Tom Parker (Reported Lynching of)
On October 14, 1897, an African American man named Tom Parker was reportedly lynched in Cleveland County for participating in a riot at an August picnic near Kendall’s mill. While many newspapers refer to Parker as the third person to have been lynched after the incident, the only other reported lynching as a result of the incident was that of Bill Wiley (also referred to as Bill Wiley Douglass and Bill Wyatt), who was lynched in late August. Newspapers ultimately concluded that Parker had not been lynched.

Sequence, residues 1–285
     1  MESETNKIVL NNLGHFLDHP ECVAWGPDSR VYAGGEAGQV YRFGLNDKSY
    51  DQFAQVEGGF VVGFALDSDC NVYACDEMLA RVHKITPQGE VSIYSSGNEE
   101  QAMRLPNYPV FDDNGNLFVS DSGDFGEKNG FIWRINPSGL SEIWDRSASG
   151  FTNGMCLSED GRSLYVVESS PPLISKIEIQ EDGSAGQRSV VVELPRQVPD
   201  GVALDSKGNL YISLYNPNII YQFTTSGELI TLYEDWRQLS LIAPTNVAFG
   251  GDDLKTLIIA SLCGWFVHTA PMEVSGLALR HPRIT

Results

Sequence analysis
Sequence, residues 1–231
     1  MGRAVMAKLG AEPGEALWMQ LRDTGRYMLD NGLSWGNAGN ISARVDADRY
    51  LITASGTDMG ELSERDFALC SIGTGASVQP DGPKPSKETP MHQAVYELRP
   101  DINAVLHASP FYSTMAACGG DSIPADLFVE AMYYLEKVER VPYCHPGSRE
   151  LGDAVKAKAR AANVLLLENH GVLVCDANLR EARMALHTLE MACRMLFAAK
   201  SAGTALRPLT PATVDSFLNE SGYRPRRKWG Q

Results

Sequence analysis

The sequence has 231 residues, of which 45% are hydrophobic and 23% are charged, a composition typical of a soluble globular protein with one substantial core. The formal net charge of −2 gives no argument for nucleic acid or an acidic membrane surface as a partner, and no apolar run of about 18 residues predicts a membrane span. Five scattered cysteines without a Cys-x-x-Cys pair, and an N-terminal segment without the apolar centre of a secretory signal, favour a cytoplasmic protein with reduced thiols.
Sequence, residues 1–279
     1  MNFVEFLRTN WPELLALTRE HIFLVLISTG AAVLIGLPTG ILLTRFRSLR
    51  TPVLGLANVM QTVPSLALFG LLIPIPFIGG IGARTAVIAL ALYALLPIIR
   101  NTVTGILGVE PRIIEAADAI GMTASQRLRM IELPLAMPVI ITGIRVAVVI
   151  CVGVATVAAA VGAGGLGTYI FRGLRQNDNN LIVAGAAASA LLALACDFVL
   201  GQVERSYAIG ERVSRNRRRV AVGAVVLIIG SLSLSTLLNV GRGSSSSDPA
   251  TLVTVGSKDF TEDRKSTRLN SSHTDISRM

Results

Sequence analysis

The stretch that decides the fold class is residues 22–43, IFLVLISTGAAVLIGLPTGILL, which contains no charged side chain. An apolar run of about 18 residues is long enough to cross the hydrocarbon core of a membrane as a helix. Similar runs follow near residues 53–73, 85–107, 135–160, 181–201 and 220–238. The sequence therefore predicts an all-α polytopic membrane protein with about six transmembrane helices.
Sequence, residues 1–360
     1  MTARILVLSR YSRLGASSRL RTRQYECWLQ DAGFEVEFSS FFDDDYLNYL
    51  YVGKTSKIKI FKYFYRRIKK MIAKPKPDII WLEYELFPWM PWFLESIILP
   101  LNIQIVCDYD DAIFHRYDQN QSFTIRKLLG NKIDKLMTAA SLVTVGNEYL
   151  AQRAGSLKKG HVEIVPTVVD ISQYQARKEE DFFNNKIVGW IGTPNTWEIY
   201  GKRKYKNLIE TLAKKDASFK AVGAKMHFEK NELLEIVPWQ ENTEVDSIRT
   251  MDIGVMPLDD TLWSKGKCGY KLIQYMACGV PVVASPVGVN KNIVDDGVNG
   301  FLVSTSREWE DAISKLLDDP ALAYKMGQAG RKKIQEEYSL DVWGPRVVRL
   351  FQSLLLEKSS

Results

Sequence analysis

The earliest report of the Kendall incident appears in the Pine Bluff Daily Graphic on August 22. On Saturday, August 21, a group of African Americans had a picnic near the Kendall mill in Cleveland County. A number of the attendees worked at Kendall’s mill, and when they failed to appear for work, T. T Johnson, who worked at the mill, went to the picnic to find them. He had an altercation with one of the men, who drew a knife and slit Johnson’s throat. Johnson eventually died. An additional white man, C. T. Gray, argued with someone at the picnic and was also knifed. No suspect had been captured, but it was reported that “the community is aroused and citizens are out searching for him.”